Have Nots: Atari 5200 (38)
Two words - "Analog Sucks". Well, not this time - as the 5200's analog controls DO respond, but unfortunately they are too responsive. The crosshairs can move about the screen so much faster than the other versions that you could potentially score more points on this version. But I'm willing to bet the farm that 99% of you would give up long before you even get the feel for this hyperactive control - yet alone to master it. So the Controls are pretty good (7), as the game is playable, but the benefit of a quicker crosshair is lost if you cannot stop at an exact location and fire. The lack of control drops the Addictiveness score to very good (7). The remainder of the comments and scores are the same as the Atari 8 bit version below.

Bronze Medal: Atari 8 bit (41)
The Controls are outstanding (9). But as I mentioned before, the airplane scheme allows for error. The Gameplay is super (9) and everything is included, save for Darth Vaderís ship. All versions from here up include a choice of starting levels 1, 2 or 3. You start and max out at 9 shield levels in the 8 bit and 5200 versions. If all 10 towers are destroyed a 50K bonus is earned, which besides being in the rules, is displayed on the screen as well. The Sound is very good (7), but not quite as exciting as on the Colecovision. The Graphics are crisp (8) and effective, but the 8 bit machines are capable of a little bit more. The Addictiveness is enjoyable (8), and youíll be sure to come back for more, either via cart or floppy disk.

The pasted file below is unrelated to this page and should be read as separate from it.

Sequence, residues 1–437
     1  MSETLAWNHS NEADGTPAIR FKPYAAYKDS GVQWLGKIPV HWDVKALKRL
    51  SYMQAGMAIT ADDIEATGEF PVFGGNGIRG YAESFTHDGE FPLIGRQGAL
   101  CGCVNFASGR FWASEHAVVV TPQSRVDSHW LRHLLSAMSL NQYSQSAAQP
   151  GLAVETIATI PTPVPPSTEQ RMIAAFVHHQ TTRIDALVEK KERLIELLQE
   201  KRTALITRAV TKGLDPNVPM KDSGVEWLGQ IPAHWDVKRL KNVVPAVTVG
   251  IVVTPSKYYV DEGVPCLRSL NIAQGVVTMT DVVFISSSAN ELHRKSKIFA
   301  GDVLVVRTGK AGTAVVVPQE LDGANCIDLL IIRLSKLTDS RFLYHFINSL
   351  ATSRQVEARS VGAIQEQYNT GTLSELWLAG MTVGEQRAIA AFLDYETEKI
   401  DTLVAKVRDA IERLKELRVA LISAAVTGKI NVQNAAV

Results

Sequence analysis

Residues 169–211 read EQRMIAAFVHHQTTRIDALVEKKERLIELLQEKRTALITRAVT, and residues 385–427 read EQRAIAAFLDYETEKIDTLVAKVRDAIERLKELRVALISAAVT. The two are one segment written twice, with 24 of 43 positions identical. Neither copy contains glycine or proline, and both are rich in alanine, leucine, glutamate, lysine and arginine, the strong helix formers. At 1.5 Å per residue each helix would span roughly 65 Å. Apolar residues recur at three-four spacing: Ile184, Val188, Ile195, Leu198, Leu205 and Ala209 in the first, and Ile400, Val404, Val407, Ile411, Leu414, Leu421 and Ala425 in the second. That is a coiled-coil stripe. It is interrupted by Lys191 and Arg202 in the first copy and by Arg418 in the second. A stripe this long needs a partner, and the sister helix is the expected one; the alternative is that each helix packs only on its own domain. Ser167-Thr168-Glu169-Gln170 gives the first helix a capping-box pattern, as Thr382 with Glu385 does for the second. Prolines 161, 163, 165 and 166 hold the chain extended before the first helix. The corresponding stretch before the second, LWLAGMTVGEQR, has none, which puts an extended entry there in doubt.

Silver Medal: Commodore 64 (42)
The Gameplay (9) is fantastic and includes 2 different pause buttons, and all other features - except for Darth Vaderís ship. The shields start and max at 9. The Controls are outstanding (9). The Sound is cool (7), and all effects are included, but not as good as the Colecovision. The Graphics are fantastic (9), but the Colecovision has better explosions. The Addictiveness is nice (8), and you can enjoy both a cart and disk format.

The rights to the European release were sold by Parker Brothers to Domark, but I do not have a copy of this (1987) version to review. Domark had the opportunity to either re-issue the same game exactly as the original (PB in this case), add to it or touch it up, and even to remake the game completely. The Digital Press Guide says that the graphics are even better in the enhanced Domark version.

Gold Medal: Colecovision (43)
The Colecovison wins the gold, but all 3 medal winners are good versions to play. The Gameplay is superb, (9) and offers all the bells and whistles, save for a pause. It does include three minor features that make up for this some. The choice to start the game is made by moving the stick to the choice of level 1, 2 or 3; some on screen information is given - see Atari 8 bit; and after the Death Star is destroyed, there is a brief pause and displayed is information about the bonus points and bonus shields earned. The shields begin and max at 9. The Controls are nice (8), but slow/sluggish, maybe more so than the 2600. This already assumes that youíve upgraded to using an Atari sick. There is no penalty to using an Atari stick since there is no pause or any other keypad button that works. The Graphics are smooth flowing and excellent (10). The attention to every detail, the explosions and debris make this the best home version. The Sound is very nice (8) and seems to be a little more energetic than the rest of the pack. The Addictiveness is enjoyable (8) and as with most CV games, you will not be bored due to the game (or at least one of its settings) being too easy to play.


Once again, I must ask, why didnít Parker Brothers release a TI version of this game? Given the same quality programming PB included in all the arcade hits, a TI port should have been good enough to medal here. Come back next month when I review the Many Faces of Wizard of Wor for the Atari 2600, 5200, 8bit, Commodore 64 and Apple II. I also plan to review the Bally Astrocade version, but it gets disqualified as the licensing was not official.